Confessions of a Terrible Beekeeper


My life has been over-scheduled lately, and one of the things I've totally neglected is my bees.  I had every intention of splitting my colony into two hives, but I never managed to make time for this.

Until yesterday.

I wandered out into the back garden, with the stated objective of drinking coffee and staring at things. And one of the first things I noticed was that there was a huge mass of bees on the outside of their hive box.

Clearly it was time to attend to the bees.

As soon as I took the lid off the hive, I knew I was in trouble.  The bees had built honeycomb under their roof.  This was a clear sign that the hive was overcrowded, and that I needed to take immediate action.

A beehive is a lot like a filing cabinet, with frames that slot into place inside each box, much like hanging file folders.  While some beekeepers use different height boxes for different purposes -- honey production, and brood -- I like to use one size box for everything.  This has two reasons.  First, all my equipment is interchangeable. And second, by not using massive ten-frame "deep" boxes, I can actually handle the weight of my hive boxes.  According to calculations, a "deep" box with ten full frames of honey weighs eighty pounds. That's a hell of a lot of weight to manage, when working around thousands of irate honeybees. I use a smaller unit: a "medium" box that only contains eight frames. Apparently that only weighs forty pounds when filled.

I took out a number of frames of honey from my over-filled hive, as well as developing brood, and moved them to a hive box across the garden.  I added a number of empty frames in both hives, to give the bees room to expand.

My foray into the hive had the exact opposite effect than what I intended.  I had hoped that the bees would wander back into the hive, once there was a bit more room.

I started with several hundred bees clinging to the front of the hive, and ended up with this chaotic mess.

I was starting to get flustered, and know that when I lose my cool, I should close up the beehives, and come back to them another day.  Besides, Robb and I had to get ready for the Art Deco Preservation Ball. (More on that, later.)

When I came home from running errands, I had a good look at the hive, and it suddenly occurred to me that my bees had actually swarmed.  I've worked with a lot of swarms, and have written about them here and here (click for insane videos of my backyard during a swarm) and here and here.

Swarming is a normal event in the life of a colony of bees.  The queen of the colony and about half the bees fill their bellies with honey, and set out to find a new home.  The remaining bees raise a new queen (or several new queens) at the base hive.  This is a very clever reproductive strategy, sort of a "don't keep all your eggs in one basket" scenario.  If something were to happen to the one hive, the colony wouldn't die out.

Typically, a swarm is really dramatic. half the bees in the hive fly out all at once, and they fill the air, before settling on a surface. When they do settle, they'll cluster around the queen, forming a mass roughly the size and shape of a human head.  During this time, most of the bees will cluster around the queen, protecting her with their bodies, while other bees will fly about looking for a suitable new home.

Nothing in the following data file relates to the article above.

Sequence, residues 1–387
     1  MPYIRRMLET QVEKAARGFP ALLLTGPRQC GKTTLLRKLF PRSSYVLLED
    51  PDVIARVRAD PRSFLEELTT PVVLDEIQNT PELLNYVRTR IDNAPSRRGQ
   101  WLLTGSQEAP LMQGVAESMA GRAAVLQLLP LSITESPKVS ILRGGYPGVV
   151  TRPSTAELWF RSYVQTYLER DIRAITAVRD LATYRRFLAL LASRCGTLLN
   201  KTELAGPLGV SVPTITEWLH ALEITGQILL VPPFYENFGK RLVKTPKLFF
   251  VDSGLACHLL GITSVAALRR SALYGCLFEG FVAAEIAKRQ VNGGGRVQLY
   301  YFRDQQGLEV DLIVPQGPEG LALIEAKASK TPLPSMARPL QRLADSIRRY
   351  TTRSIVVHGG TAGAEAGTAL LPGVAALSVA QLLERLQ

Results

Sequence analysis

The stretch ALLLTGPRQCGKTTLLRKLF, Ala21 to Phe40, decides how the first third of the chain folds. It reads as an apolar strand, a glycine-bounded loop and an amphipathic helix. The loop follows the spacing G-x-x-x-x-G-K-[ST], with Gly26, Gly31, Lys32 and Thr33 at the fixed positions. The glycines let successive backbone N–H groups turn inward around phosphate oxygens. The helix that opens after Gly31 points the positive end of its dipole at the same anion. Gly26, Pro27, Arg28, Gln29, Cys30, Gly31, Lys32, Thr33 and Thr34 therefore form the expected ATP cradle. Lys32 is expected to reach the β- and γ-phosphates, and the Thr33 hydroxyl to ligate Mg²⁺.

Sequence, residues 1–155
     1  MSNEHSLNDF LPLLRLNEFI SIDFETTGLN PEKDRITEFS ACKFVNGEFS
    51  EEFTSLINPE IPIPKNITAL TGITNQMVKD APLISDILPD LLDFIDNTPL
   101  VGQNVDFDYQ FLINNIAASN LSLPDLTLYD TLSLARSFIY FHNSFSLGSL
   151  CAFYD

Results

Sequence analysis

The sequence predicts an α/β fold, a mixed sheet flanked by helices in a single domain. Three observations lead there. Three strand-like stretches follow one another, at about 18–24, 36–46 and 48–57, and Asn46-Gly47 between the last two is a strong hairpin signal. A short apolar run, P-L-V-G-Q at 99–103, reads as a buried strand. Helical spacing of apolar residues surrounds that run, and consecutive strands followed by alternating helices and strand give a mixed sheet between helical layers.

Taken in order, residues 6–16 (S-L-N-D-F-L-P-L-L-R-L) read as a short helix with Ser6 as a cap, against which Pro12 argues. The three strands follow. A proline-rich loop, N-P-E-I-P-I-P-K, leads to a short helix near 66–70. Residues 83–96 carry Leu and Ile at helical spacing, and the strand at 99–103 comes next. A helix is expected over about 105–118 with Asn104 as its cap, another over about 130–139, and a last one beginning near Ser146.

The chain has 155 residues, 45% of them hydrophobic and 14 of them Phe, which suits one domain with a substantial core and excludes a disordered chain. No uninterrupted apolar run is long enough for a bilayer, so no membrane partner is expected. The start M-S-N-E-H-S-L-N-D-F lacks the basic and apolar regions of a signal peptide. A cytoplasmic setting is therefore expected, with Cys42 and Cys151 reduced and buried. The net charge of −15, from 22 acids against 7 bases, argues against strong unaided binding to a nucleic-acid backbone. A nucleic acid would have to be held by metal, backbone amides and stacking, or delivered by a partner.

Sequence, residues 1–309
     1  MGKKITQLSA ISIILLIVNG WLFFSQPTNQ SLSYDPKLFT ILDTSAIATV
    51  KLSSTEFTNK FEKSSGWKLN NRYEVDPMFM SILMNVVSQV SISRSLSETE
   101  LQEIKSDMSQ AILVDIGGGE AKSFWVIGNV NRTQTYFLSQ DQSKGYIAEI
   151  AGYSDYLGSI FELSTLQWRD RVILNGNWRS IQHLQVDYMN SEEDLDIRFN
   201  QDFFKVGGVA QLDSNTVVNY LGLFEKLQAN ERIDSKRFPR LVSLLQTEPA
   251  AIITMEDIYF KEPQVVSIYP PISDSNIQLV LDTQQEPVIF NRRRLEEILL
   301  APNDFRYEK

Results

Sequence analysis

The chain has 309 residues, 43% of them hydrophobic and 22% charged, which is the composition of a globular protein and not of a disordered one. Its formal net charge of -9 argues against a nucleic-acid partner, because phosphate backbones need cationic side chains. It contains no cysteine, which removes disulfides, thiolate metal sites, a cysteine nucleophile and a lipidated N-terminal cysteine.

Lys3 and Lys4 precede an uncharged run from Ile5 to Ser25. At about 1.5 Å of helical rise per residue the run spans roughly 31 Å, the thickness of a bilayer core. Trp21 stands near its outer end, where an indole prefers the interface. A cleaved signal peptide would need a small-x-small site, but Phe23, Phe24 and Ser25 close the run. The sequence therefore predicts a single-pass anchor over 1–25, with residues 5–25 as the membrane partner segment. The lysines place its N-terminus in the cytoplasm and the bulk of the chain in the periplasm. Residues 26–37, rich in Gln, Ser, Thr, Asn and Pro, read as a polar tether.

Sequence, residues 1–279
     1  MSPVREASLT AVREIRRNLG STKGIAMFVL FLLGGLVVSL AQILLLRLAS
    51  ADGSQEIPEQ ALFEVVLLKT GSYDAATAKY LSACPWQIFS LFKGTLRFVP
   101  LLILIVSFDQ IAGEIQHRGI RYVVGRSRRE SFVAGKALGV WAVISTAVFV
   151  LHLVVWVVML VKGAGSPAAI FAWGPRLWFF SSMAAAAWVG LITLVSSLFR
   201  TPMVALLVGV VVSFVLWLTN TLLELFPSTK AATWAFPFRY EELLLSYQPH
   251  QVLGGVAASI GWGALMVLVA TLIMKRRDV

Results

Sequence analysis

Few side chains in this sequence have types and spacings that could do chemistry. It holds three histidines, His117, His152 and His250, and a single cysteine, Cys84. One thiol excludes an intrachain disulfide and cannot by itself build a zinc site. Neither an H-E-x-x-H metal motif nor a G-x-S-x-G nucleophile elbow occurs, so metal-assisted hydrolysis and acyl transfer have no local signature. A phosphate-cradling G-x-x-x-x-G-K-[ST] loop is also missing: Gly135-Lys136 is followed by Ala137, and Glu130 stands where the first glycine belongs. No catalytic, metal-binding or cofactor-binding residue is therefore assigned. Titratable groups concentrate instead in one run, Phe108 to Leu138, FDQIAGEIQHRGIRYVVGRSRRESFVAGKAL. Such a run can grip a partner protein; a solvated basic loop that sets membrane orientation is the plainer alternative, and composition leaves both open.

A swarm typically hangs down from a branch, like this.

Or this.

One hallmark of a swarm cluster is the way the bees tend to arrange their bodies in the same direction.

Something the bees will cluster on an architectural feature.

Like a wall.

Or a fence.

But I've never seen bees quietly wander out of their hive and collect as a swarm on the front of their own home.

In hot climates, bees will often cluster on the front of the hive as a way of cooling off.  We almost never see this in my chilly neighborhood in Oakland.  And it was a particularly mild day yesterday.

So there I was, with what sure looked like a swarm of bees on the outside of my hive.  I needed to get changed into an evening gown, instead of messing around with bees.  So I did what any sensible modern woman would do.  I texted a few beekeeping friend, posted some panicky pictures online, and left for the ball.  Bees don't fly at night, so I was pretty sure that the situation wouldn't change until the morning.

Robb and I stayed out quite late (for us).  I stumbled outside the next morning at 6am, in pajamas and flip-flops -- the antithesis of practical beekeeping attire.  There were several hundred bees clustered on the front of the hive.  Significantly fewer that the day before, but more than I was prepared to handle without coffee. I staggered back to bed, and tossed and turned until 9am.  By that point there were only a few dozen bees left outside the hive.

I really don't know what happened.

I suspect that I opened the hive just at the bees were fixing to swarm.  Perhaps my activity disrupted the flying-around-like-crazy portion of the program.  Or perhaps my bees are so relaxed that instead of filling the yard with chaos, they opted to take a slow mosey down the side of the hive box.  Did the queen ultimately fly off with her attendants?  Or did she decide that the hive box looked like a good home after all?

I honestly have no idea.

I kind of suck as a beekeeper.


@thedarningdarling said…
Aw I’m sure you don’t suck at it! Whenever you’re working with nature there will be surprises! Carry on, brave bee-keeper
Aw I’m sure you don’t suck! Whenever you work with nature there will be surprises. Carry on, brave bee-keeper!

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